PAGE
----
Reading About the Day Before on the Day After

Well, it’s all over but the shouting … but I guess we have gotten used to the shouting by now.

I thought it was interesting timing to be reading the story of Samuel and Saul on the week of a Presidential election here in the United States.  Especially intriguing was to read Samuel’s description (perhaps better described as a warning) of a king in 1 Samuel 8:11-17.

He will take your sons and appoint them to his chariots and to be his horsemen, and to run before his chariots; and he will appoint for himself commanders of thousands and commanders of fifties, and some to plow his ground and to reap his harvest, and to make his implements of war and the equipment of his chariots.  He will take your daughters to be perfumers and cooks and bakers.  He will take the best of your fields and vineyards and olive orchards and give them to his courtiers.  He will take one-tenth of your grain and of your vineyards and give it to his officers and courtiers.  He will take your male and female slaves, and the best of your cattle and donkeys, and put them to his work.  He will take one-tenth of your flocks, and you shall be his slaves.

All we need now is for the next verse to read, “I’m the prophet Samuel, and I approved this message”.

Samuel was not talking about a particular party or a particular king.  He was talking about any king, every king.  Israel was looking at a king as the solution to all their problems.  Samuel used “negative campaigning” to try to show Israel that a king would bring a whole new set of problems.

Then, on the day before Samuel anoints Saul as king, God says to Samuel, “He shall save my people from the hand of the Philistines; for I have seen the suffering of my people, because their outcry has come to me.”  Guess what?  The king can do some good!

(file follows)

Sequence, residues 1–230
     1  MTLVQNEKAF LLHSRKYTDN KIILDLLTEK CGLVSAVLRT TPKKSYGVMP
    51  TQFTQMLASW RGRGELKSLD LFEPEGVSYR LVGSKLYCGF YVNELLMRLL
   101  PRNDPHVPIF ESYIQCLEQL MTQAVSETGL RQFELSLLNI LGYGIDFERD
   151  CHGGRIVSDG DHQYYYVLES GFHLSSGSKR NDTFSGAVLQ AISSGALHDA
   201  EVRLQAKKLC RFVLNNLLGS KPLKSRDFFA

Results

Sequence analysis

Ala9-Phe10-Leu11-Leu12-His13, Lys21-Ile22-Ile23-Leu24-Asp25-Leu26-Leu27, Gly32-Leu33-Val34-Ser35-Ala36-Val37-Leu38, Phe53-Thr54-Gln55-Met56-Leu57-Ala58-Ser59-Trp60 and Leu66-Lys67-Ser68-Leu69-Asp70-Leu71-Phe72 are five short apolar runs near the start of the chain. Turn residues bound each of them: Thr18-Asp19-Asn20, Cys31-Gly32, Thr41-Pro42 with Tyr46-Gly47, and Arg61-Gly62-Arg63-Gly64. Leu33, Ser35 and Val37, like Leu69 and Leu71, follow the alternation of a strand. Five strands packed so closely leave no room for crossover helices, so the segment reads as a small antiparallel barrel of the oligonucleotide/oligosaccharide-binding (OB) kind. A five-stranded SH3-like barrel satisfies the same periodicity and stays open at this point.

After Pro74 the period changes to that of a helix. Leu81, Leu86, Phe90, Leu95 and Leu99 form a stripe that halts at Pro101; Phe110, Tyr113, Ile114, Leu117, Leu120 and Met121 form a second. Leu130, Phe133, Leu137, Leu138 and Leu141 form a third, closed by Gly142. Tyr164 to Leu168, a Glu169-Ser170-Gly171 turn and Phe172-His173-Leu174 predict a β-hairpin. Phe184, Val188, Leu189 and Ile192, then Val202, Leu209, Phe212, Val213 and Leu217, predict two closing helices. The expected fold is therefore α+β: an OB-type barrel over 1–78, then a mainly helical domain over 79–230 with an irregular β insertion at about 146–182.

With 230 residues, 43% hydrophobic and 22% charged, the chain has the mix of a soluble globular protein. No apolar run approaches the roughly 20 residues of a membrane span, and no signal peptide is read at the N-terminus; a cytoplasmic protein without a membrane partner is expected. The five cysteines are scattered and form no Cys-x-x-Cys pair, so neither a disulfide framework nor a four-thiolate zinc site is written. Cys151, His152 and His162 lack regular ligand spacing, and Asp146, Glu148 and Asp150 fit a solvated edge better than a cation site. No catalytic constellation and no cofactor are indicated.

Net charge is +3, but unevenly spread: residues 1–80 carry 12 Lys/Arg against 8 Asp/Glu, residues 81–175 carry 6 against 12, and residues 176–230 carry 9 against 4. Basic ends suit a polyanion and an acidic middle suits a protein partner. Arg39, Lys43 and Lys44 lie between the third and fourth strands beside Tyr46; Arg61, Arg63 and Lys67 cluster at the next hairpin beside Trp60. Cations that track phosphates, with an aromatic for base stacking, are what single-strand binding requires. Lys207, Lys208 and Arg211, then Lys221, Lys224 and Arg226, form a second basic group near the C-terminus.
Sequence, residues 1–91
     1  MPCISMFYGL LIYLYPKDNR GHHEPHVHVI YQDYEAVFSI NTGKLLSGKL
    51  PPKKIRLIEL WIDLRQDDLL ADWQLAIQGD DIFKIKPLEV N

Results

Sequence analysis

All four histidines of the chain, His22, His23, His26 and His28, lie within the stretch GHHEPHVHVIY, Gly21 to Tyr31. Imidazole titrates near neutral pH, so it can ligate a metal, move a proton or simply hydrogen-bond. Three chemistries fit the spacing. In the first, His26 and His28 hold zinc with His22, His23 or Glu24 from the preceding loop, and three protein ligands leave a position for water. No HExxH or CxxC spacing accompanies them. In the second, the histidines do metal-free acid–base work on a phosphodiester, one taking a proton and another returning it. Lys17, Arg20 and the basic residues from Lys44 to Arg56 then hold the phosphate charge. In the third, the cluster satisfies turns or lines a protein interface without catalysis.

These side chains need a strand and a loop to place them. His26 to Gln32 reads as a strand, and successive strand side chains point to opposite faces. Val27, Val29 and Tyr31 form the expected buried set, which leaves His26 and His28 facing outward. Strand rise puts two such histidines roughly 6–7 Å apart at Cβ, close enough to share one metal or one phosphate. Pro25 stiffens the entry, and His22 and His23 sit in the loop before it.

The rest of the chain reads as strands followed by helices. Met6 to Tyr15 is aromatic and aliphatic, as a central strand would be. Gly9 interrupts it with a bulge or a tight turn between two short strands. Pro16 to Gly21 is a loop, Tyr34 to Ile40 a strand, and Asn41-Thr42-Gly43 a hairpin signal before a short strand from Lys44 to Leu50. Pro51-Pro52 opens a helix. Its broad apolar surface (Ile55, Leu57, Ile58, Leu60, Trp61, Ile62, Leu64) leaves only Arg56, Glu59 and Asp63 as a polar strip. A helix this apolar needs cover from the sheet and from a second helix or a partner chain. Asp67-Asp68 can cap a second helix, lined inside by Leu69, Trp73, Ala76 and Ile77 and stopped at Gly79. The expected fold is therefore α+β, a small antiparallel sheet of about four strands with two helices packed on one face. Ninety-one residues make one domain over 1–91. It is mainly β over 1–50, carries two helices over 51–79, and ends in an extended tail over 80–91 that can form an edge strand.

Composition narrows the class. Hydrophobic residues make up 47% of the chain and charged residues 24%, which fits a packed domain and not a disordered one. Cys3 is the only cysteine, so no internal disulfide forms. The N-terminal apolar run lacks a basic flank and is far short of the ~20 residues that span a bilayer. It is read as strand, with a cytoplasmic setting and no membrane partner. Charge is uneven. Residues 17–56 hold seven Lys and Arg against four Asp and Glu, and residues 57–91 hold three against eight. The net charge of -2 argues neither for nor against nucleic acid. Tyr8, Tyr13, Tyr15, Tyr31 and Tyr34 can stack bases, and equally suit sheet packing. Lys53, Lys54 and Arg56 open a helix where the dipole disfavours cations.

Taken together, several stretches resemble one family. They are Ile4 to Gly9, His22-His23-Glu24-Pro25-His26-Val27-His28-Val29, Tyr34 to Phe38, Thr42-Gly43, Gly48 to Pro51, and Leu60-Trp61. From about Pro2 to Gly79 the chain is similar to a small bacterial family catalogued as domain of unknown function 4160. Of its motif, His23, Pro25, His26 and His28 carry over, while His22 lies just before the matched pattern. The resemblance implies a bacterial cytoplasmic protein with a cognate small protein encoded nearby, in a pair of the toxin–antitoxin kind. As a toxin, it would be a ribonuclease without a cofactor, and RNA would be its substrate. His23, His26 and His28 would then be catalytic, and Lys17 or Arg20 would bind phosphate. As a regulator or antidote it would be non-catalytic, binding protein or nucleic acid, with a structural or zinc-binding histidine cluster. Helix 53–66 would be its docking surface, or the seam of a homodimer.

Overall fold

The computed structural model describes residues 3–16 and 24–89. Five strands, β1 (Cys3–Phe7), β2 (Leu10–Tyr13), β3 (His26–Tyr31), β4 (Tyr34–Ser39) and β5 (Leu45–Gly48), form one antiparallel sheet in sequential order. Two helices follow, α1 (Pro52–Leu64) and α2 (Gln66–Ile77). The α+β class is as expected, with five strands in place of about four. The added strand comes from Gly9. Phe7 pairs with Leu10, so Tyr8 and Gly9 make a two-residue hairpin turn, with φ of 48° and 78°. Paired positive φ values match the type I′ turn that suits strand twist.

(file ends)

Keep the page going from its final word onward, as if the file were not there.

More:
A lot of Biblical interpreters talk about how the Bible preserves the historical tension of whether kings in Israel were the cause of their problems or the promise of salvation.  Maybe part of the reason for preserving the tension was to challenge everyone’s expectations about the king.

We live in times right now where we tend to talk about our leaders in broad brush strokes.  “Our guy” is the nation’s only hope, while “their guy” will put us on the path to ruin.  All Republicans are old, white, rich militants and all Democrats are atheist communists.  We won, and everybody else is wrong.  We lost, and everybody else is stupid.  Does this sound like your Facebook and Twitter feed?

Reading these stories today, I feel challenged to consider that our government leaders are people just like you and me.  There is not a one of them that is perfect.  Each and every one of them can do something that someone can justifiably yell and shout about; but each and every one of them is just as capable to do something that can make a positive difference in somebody’s life.  Maybe part of what the story of Samuel and Saul should do is temper both our celebration and critique of all of our leaders.  Yes, they carry big responsibilities as well as big expectations.  But, and this is the point that 1 Samuel makes abundantly clear, they are not God.

Let’s put down the broad brushes of deification and demonizing.  Let’s pray for the men and women, all of them, who have been chosen to lead at every level of government.  Let’s pray that they will do more good than harm, more right than wrong.  Let’s pray for wisdom, for unity, and for peace.  Most importantly, let’s pray that we would never lose sight of Who is truly in control of the Universe.  May He be our King of Kings!

“I am the Alpha and the Omega, says the Lord God, who is and who was and who is to come, the Almighty.” (Revelation 1:8)